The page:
• Welcome to BookAndReader!

    We LOVE books and hope you'll join us in sharing your favorites and experiences along with your love of reading with our community. Registering for our site is free and easy, just CLICK HERE!

    Already a member and forgot your password? Click here.

Italo Calvino: If On A Winter's Night A Traveler


Well-Known Member
There's another thread on Calvino HERE that mentions If on a winter's night . . . , but it was more about the author in general, so thought I'd start a separate thread.

I loved this book **gush, gush**. No, really. I read previous comments in the other thread about it being gimmicky, so was wary going into it and just at the point where I was beginning to lose patience and think, 'yeah it is a bit gimmicky', Calvino managed to pull me right back in. I've always disliked the use of the term virtuoso performance, but in this case, I think it fits. I was mesmerized by the way he wove the different stories into the overall narrative of the Reader. Each story/chapter managed to lure me further and further along - some making me laugh, others making me want to tear my hair and screech in confusion. The fascinating thing for me is that it's not just how Calvino tells the stories or the quest of the Reader in the novel, but how he manages to make it about all readers. Taken as a whole, it's as much a treatise about reading, readers and the relationship between reader and author as it is a piece of fiction.

What's also very appealing to me is how Calvino doesn't take himself too seriously. The chapter on Silas Flannery's diary being a case in point. You think Flannery, an author, is having a serious discussion with Lotaria about how she interprets his novels, but it soon devolves into a slapstick scene of him chasing her around the desk:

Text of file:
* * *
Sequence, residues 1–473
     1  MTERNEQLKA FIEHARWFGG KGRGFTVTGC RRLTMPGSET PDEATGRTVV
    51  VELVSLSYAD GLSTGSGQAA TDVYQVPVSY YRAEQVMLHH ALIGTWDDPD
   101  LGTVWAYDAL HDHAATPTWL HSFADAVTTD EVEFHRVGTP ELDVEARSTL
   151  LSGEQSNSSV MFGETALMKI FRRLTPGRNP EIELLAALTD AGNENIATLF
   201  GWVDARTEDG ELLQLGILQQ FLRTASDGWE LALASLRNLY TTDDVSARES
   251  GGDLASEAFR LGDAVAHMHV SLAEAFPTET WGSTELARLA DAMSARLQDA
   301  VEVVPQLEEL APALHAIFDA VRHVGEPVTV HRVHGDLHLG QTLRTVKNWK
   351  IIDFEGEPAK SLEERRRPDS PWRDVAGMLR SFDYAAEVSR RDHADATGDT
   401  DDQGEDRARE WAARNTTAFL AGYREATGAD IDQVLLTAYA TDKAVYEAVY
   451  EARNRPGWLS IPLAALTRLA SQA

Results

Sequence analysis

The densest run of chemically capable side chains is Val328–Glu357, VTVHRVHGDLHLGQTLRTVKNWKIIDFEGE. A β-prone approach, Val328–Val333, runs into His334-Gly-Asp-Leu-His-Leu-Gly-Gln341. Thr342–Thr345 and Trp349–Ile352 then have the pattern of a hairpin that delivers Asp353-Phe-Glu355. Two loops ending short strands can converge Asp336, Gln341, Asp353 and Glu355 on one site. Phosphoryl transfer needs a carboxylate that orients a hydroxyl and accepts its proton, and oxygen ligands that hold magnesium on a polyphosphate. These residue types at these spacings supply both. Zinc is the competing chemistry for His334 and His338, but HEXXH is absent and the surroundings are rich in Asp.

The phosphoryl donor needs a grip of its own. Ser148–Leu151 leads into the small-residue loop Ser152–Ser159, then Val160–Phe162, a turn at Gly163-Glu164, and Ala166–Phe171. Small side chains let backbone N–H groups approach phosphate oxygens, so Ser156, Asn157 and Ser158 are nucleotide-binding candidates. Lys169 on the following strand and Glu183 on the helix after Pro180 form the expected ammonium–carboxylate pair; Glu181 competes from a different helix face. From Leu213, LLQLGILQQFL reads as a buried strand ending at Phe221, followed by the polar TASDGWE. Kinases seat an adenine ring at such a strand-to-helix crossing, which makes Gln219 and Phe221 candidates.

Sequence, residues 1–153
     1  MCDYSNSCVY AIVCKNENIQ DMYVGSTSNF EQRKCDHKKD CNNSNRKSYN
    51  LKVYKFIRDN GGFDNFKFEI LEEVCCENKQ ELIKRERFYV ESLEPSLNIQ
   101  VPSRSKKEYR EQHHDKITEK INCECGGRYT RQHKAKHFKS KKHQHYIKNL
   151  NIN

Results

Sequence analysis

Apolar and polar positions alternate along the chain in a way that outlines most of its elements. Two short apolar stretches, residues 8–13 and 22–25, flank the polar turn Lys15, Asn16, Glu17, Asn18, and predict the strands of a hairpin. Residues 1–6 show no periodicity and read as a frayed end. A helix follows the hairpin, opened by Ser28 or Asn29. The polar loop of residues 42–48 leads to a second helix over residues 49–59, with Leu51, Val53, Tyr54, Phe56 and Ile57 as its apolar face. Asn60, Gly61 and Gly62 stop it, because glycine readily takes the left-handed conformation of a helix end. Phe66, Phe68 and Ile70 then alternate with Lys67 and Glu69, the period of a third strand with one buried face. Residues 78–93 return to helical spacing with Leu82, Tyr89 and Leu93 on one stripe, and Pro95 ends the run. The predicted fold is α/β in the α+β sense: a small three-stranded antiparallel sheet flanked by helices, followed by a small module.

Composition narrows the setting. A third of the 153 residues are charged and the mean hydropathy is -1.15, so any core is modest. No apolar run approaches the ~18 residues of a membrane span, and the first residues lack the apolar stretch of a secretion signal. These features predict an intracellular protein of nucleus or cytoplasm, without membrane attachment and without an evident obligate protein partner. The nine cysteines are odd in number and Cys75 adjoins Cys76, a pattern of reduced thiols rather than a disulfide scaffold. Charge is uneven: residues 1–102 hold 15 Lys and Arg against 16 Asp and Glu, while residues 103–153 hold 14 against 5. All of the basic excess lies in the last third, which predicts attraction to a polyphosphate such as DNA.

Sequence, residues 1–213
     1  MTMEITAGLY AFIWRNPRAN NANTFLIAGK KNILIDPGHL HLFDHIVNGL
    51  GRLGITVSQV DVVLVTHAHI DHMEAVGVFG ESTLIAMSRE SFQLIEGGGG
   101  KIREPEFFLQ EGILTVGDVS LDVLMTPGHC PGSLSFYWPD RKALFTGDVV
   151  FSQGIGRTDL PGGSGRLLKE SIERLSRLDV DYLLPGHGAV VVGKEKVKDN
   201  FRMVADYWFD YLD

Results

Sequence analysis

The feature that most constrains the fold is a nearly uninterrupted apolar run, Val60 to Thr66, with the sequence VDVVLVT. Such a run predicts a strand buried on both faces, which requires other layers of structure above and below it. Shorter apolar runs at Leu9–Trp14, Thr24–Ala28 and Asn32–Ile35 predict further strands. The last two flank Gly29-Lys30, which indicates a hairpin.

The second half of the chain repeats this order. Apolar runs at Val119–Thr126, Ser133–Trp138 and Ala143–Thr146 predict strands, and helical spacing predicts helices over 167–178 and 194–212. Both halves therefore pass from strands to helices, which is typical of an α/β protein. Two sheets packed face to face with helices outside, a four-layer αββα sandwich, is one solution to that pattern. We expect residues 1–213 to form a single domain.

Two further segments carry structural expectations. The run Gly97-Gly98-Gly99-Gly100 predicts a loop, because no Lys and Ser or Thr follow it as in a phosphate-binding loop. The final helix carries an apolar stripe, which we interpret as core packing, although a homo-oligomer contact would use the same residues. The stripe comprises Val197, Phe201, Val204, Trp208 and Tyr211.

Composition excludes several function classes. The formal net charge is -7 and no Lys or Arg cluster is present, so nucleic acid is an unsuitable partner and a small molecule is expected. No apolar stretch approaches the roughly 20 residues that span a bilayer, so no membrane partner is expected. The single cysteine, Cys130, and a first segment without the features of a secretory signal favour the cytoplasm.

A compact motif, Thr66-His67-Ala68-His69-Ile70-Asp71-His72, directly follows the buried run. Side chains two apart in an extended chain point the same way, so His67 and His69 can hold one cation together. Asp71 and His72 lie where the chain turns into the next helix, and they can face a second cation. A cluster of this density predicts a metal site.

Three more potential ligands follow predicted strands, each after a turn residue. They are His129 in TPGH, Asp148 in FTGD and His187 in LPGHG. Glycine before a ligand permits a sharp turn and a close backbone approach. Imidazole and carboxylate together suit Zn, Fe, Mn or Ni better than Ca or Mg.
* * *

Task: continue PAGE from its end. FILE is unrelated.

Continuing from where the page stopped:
I could have made my passes with a bit more style, but at this point it's too late for amends: it's all or nothing now. I continue chasing her around the desk muttering sentences whose complete foolishness I recognize, such as, "Perhaps you think I'm too old, but on the contrary . . ."
And I thought the double-speak in the chapter about Ataguitania was hilarious:
My case is different. I'm an infiltrator, a real revolutionary infiltrated into the ranks of the false revolutionaries. But to avoid being discovered, I have to pretend to be a counterrevolutionary infiltrated among the true revolutionaries. And, in fact, I am, inasmuch as I take orders from the police; but not from the real ones, because I report to the revolutionaries infiltrated among the counterrevolutionary infiltrators.

Highly recommended.
I'm glad to hear you talk so highly of it, my cousin was just telling me I had to read it. She just finished it and was insisting I pick it up from her over the holidays. I did really like the title for some reason but I'd never heard of it before this week.
Yes, pick it up. I don't have a ton of time, so I'll hold my review for another day, but I also LOVED this book.
I too liked this book a lot. Postmodern authors tend to fall into the trap of taking themselves WAY too seriously and their books become ego trips. Not Calvino! He has a sharp, perceptive, complicated, yet ultimately lighthearted style that is very fascinating. Next on my list is Invisible Cities.
Irene talked about this book on the "Cloud Atlas" thread and I have just finished it. I did like it very much and it was interesting to read it after Cloud Atlas. I particularly liked the humour, which I wasn't really expecting, and the way it made me think about reading.
I thought it was a great novel - the only second person novel I've read, and the only hilarious novel I've read with so much depth to it. I can see that it wouldn't appeal to a lot of people, but it's undoubtedly a masterful work of fiction.
Swimming Against Time

An excerpt:


I would like to swim against the stream of time:
I would like to erase the consequences of certain events
and restore an initial condition.
But every moment of my life brings with it an accumulation of new facts
and each of these new facts brings with it its consequences;
so the more I seek to return to the zero moment from which I set out,
the further I move away from it;